Baseline covers the related areas of graphic art, multimedia, architecture and typographic design. The articles are written by internationally recognised contributors and its design and print production regularly wins major international design awards.
Welcome to Baseline issue 58, our spring issue. As usual the designs of the cover and jacket reflect some aspects of the features published here. The cover shows the numbers 50 and 8 in Lagoon, an Armenian typeface by Carolyn Puzzovio. The jacket, which doubles as poster, is a photographic collage of urban stencil characters.
The two books, which are reviewed, are essential references for any serious design library.
Paul Shaw reflects on Helmut Schmid’s homage to Emil Ruder, typographer and educator at the renowned Kunstgewerbeschule in Basle. Paul Razzell comments on David Jury’s vast 400 pages artist book reference catalogue, which presents an important record of the first biennial Codex Book Fair and Symposium, Berkeley, California.
We start off our articles with an extract from a postgraduate research project, titled ‘Designing information for everyday life’, at the University of Reading. The research team, headed by Paul Stiff, shows us 19th century maps, tables and documents.
Steven Heller is prompting the question ‘The return of stencil lettering: Had it ever gone’. The Stenso Lettering Guide by Ruth and Robert Libauer with its patented stencil sheets from 1942 was in popular use long before photo type or the computer.
‘Control Print 4’ is the concluding part of the research series, instigated by the Royal College of Art in London. Russell Warren-Fisher, heading the research, gives us a final summary of this project. Baseline was delighted to give this successful project a wider international forum.
Arnold Schwartzman, designer and film maker in Los Angeles, comments about his visual research, the gathering of authentic props and the detailing for his spy novel book cover designs of best selling author Len Deighton, published by Harper Collins.
Mark Stewart Cassidy reflects on Adrian Tyler’s meaningful photographic documentation. The article shows square-on frontal views of living spaces on the Outer Western Isles and the Orkneys
We close the feature section with Carolyn Puzzovio’s concluding part of her research into the history and contemporary development of Armenian typeface design.
Wistbook 008 / Edition series. 100 / Format. 3″cd and novella…
This botano-philosophical treatise is a classic of Renaissance scientific literature. Delicate, minutely detailed sketches of flora and fauna litter the pages, attesting in their exquisiteness to the wonder and beauty of a world viewed under the microscope for the first time. Accompanying the drawings are Alberic’s handwritten notes on taxonomies and classifications, designations of anatomical parts, therapeutic and practical uses, and allegorical meanings. A sober yet reverential tone is retained throughout, and the book ends with a sublime canticle praising the Divine Creator “who deigned in His Infinite Wisdom to bestow such Marvealous Complexity on even the Smallest of parts”. To read this book is to feel the lost intellectual and religious fervour of a prior age.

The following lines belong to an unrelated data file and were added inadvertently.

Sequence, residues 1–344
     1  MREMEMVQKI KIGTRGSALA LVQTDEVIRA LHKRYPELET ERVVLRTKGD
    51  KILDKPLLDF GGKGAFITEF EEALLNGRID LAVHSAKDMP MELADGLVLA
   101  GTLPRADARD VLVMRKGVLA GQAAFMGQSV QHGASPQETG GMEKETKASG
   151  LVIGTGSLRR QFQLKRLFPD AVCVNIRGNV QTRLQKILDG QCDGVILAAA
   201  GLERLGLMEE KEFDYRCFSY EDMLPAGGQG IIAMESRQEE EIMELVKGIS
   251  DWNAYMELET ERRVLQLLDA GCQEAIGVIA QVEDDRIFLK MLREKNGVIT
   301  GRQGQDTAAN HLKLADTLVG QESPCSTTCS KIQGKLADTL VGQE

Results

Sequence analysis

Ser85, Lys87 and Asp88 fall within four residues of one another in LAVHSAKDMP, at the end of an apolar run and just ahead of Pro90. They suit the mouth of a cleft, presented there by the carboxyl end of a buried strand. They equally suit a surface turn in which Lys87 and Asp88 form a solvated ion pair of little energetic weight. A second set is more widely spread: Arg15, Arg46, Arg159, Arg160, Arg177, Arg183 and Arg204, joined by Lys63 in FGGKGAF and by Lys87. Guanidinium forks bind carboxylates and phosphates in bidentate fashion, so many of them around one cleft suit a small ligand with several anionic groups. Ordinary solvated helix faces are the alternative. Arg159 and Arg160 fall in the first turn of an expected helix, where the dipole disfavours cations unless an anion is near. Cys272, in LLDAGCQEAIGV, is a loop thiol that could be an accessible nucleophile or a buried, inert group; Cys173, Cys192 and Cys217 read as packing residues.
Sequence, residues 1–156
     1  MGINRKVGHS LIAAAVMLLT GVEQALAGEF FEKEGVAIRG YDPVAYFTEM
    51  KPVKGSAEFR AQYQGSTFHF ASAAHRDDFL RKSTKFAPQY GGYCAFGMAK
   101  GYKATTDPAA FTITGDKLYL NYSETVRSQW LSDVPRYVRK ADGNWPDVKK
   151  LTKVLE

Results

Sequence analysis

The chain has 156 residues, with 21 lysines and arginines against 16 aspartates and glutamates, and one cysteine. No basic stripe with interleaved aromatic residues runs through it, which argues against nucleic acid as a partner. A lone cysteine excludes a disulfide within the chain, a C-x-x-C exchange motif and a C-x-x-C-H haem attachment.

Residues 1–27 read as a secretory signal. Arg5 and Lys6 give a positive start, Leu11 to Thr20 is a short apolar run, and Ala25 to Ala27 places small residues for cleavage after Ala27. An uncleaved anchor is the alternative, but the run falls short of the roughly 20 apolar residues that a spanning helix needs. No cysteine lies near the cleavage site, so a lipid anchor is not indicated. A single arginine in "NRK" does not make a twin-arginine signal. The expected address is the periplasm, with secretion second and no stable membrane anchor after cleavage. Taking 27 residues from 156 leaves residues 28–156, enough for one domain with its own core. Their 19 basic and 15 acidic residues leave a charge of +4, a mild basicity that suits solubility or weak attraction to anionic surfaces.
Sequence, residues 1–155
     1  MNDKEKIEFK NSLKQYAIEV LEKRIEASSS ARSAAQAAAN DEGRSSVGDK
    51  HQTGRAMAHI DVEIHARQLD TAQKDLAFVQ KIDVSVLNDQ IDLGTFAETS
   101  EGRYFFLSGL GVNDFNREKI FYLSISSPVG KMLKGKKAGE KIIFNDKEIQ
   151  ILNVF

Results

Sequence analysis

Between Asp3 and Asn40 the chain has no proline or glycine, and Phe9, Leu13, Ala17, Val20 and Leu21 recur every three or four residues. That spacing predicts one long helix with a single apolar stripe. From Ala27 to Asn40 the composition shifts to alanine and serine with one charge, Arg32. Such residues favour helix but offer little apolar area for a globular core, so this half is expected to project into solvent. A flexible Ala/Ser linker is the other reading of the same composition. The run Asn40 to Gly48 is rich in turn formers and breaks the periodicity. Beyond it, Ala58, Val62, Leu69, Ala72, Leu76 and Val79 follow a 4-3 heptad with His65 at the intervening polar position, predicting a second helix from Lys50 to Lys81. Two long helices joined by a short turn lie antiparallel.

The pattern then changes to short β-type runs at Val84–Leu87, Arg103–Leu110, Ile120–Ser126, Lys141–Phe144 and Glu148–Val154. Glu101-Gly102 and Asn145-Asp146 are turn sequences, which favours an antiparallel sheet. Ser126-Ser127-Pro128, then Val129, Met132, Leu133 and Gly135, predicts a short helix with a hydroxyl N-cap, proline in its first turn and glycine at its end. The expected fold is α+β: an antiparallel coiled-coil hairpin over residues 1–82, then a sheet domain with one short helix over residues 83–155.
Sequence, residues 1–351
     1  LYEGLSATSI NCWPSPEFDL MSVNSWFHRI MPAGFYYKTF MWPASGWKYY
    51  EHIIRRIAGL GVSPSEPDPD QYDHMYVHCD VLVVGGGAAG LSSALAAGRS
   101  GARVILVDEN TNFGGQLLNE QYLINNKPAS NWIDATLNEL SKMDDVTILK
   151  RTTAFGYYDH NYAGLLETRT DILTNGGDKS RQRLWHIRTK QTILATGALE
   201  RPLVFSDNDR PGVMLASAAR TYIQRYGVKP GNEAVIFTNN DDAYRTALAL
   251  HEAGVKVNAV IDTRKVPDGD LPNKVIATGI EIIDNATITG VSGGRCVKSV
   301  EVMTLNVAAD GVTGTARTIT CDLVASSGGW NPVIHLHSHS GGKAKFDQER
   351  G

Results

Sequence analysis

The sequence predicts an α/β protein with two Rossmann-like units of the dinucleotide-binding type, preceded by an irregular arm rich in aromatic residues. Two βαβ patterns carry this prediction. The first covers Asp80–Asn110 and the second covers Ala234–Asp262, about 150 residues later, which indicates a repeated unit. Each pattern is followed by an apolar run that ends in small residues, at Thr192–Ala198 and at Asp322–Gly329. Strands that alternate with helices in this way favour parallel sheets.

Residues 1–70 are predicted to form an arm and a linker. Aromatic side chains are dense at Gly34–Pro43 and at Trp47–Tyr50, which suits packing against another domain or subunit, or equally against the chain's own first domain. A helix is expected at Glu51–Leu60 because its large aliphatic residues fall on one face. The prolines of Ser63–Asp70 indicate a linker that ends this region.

Artforum is the USA’s premier contemporary arts magazine. Each month, Artforum, presents the latest ideas in international visual arts, fashion, film and the performing arts. Artforum aims to make contemporary art accessible and understandable, and to give its readers a clear picture of the cultural landscape.
Issue 16 features Parisian legend Invader as the cover artist. Our exclusive interview with the Rubik’s cube enthusiast provides a rare insight into this secretive street artist’s work.
We talk about people stealing his work, airlines classifying his tiles as ‘weapons’ and invader-shaped waffles. We also chat about his ‘cousin’ Mr Brainwash and how he narrowly avoiding arrest in LA during the Art in the Streets show.
Issue 16 also includes Ron English’s protege, the Australian wunderkind Kid Zoom, old-school mad scientist CHU, commercial assassins TrustoCorp, and weird and wonderful pictorial pirates The Dead Sea Mob.
But that’s not all, folks. We also talk to Cath Love and Will Barras, and include a photo feature on Obsession Of Colour.
Of course no issue of VNA would be complete without documenting actual work on city walls and it seemed appropriate that this issue should celebrate the streets of Paris, alongside those of London and Melbourne.
CD release with a limited edition, 50 page book complete with beautiful images and texts eluding to the recording materials, machinery, processes and personnel. The book also encompasses an audio cookbook with recipes for you to create your own experimental audio loops and soups.
The culmination of a year’s worth of sound experiments with machines of a bygone era, The Otolith Sessions sees Elsie Martins ‘Atom Eye’ project realise it’s most ambitious and complete work to date.
A meticulously programmed full length as opposed to a collection of tracks the album develops and unfolds with a palpable sense of purpose and adventure over the albums six storied compositions. The visceral nature of the beautiful but abstruse music is no fluke but a deliberate result of the unhurried nature of the albums writing and production process.
The Otolith Sessions was mixed & co-produced by James Aparicio (Liars, Spiritualized) and features guest appearances from regular collaborators; award-winning percussionist Pete Lockett (Björk, David Holmes, Royal Philharmonic Orchestra, Lee Scratch Perry, Primal Scream) and Mute Artist, Composer and Producer Simon Fisher Turner (whose work includes soundtracks for Derek Jarman’s Caravaggio, The Last of England, The Garden and David Lynch-produced Nadja).